Thomas P. Turner (search for this): article 13
is yesterday. We quote from a letter thence to the Times, (an Administration organ:) Lieut. Col. James M. Sanderson, Chief Commissary of Subsistence of the 1st army corps, utterly and flatly contradicts the statements respecting the issue of "mule ment" at the Libby, and adds that all such statements by returned prisoners and letter-writers, tend to bring us into ridicule, and interfere materially in the humane efforts sometimes made to mitigate the real evils of the case. Maj. Thos. P. Turner, the commandant of the Libby, was a cadet of West Point for two years preceding the war. He is a very young man, but has the confidence of the Confederate authorities; a strict soldier and a severe disciplinarian, but not entirely unmindful of those virtues by which an enviable reputation is to be attained. Dick Turner, however, the Inspector of the Prison, (who, by the way, is not a relative of the Major,) is of an entirely different mould, yet has some streaks of humanity in his co
Dick Turner (search for this): article 13
ers and letter-writers, tend to bring us into ridicule, and interfere materially in the humane efforts sometimes made to mitigate the real evils of the case. Maj. Thos. P. Turner, the commandant of the Libby, was a cadet of West Point for two years preceding the war. He is a very young man, but has the confidence of the Confederate authorities; a strict soldier and a severe disciplinarian, but not entirely unmindful of those virtues by which an enviable reputation is to be attained. Dick Turner, however, the Inspector of the Prison, (who, by the way, is not a relative of the Major,) is of an entirely different mould, yet has some streaks of humanity in his composition; which brighten upon acquaintance. His unexpected kindness to the footsore and weary prisoners he recaptured after their attempt to escape with the famous "one hundred and ten" last month, is very gratefully remembered. Col. Sanderson discredits the statement made by some negroes that a thousand pounds of pow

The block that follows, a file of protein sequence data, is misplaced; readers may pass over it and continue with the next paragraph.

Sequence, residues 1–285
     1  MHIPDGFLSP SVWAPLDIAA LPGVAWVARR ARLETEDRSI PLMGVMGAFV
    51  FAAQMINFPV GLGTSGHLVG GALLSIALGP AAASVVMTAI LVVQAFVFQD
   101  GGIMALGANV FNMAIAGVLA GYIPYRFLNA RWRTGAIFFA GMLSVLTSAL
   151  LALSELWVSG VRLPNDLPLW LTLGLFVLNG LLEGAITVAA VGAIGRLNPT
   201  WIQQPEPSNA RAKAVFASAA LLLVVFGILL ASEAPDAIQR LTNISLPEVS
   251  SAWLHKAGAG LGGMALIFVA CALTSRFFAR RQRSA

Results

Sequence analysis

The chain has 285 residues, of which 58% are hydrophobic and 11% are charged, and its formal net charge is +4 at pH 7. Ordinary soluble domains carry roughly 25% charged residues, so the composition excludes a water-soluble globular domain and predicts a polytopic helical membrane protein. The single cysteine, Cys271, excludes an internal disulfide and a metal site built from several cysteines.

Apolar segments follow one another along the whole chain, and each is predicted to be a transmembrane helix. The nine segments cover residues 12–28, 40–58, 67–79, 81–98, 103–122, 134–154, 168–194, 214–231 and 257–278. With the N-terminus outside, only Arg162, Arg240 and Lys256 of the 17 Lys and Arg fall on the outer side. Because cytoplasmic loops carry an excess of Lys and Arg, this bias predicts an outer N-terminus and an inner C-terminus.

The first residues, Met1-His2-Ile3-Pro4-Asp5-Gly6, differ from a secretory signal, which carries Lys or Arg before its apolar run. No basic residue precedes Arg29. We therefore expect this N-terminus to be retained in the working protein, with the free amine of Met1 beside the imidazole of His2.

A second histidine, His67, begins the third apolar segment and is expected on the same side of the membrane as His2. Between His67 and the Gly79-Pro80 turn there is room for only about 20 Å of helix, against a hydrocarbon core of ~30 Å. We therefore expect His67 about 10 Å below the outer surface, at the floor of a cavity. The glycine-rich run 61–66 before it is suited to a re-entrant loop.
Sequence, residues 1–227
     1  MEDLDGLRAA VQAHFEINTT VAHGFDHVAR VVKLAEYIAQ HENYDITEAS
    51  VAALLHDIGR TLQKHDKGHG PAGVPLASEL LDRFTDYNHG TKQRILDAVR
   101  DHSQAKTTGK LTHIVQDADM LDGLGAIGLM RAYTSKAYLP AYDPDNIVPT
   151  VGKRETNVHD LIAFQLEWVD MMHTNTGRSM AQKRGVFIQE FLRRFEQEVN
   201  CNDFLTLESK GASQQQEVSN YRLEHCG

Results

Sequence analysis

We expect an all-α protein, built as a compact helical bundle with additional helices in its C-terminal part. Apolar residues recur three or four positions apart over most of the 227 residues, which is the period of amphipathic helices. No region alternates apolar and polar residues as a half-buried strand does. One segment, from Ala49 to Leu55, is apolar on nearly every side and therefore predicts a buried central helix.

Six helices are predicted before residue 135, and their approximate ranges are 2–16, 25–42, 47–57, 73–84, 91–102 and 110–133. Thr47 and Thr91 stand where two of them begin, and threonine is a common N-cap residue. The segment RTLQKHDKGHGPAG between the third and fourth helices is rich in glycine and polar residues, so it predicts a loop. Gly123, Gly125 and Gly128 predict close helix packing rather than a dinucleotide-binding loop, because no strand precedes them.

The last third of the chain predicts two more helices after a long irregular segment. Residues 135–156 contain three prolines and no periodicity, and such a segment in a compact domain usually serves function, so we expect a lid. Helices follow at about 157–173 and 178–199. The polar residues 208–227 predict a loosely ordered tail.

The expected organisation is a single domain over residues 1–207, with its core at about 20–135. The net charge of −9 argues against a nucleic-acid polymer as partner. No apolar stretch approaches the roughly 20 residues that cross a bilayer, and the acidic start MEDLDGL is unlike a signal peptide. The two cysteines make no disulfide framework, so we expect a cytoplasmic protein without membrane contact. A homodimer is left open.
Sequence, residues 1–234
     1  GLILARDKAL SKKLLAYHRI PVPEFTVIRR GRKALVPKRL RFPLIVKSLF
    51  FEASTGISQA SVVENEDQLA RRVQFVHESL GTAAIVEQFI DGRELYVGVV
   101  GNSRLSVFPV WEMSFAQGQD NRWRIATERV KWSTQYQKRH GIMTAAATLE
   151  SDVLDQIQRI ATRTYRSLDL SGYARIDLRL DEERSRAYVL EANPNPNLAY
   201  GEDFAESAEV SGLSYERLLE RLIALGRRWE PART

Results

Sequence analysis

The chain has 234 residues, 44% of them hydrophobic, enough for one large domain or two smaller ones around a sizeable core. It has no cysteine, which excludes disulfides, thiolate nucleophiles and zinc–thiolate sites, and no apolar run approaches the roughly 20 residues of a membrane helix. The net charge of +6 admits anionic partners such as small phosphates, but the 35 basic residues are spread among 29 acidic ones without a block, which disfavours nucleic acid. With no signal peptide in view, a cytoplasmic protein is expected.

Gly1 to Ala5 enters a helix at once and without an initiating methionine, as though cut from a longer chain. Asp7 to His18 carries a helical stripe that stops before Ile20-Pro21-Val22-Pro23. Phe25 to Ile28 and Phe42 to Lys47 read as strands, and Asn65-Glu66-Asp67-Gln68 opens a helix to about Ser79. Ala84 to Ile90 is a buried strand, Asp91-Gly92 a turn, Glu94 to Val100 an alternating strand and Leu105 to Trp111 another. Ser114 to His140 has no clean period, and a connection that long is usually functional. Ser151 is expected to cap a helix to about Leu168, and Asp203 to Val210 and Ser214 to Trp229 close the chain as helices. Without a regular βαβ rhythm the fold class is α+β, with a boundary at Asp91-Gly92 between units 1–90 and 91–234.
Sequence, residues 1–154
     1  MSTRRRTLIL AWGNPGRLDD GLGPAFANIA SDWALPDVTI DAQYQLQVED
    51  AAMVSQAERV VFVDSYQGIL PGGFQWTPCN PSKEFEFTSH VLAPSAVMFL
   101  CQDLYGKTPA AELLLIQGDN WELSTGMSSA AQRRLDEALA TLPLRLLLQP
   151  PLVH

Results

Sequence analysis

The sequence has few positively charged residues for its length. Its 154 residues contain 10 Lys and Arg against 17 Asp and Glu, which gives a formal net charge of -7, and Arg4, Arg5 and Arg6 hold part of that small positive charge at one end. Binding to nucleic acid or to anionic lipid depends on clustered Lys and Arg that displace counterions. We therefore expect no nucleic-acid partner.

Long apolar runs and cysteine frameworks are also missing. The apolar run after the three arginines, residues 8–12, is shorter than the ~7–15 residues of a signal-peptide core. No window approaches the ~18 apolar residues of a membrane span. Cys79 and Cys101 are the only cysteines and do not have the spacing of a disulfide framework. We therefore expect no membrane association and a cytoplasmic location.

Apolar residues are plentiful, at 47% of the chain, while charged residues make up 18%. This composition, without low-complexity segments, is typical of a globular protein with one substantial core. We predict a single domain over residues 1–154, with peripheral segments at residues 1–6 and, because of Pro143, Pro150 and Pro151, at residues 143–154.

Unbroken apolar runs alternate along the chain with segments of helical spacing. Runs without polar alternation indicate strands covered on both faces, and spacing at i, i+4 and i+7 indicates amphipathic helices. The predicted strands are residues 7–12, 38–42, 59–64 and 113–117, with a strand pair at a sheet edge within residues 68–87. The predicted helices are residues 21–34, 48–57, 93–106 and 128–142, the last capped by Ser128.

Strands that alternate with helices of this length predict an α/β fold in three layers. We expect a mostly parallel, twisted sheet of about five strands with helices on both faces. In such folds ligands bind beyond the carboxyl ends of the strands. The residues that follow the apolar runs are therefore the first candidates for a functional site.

Victor Bossieux (search for this): article 13
ion; which brighten upon acquaintance. His unexpected kindness to the footsore and weary prisoners he recaptured after their attempt to escape with the famous "one hundred and ten" last month, is very gratefully remembered. Col. Sanderson discredits the statement made by some negroes that a thousand pounds of powder have been placed in a pit under the prison to blow it up with all its inmates, in case of another attempt to rescue the prisoners. The commandant of Belle Isle Lieut. Victor Bossieux, is said to be a large-hearted man; and were the whole treatment of the prisoners to be confided to him but little cause of complaint would exist. But holding a very subordinate position, he finds himself constantly trammeled in every effort to improve or ameliorate their condition. Col. Sanderson and others of the officers and men are justly indignant at the attempt of certain returned prisoners to make "martyrs" of themselves by the publication of exaggerated statements, whic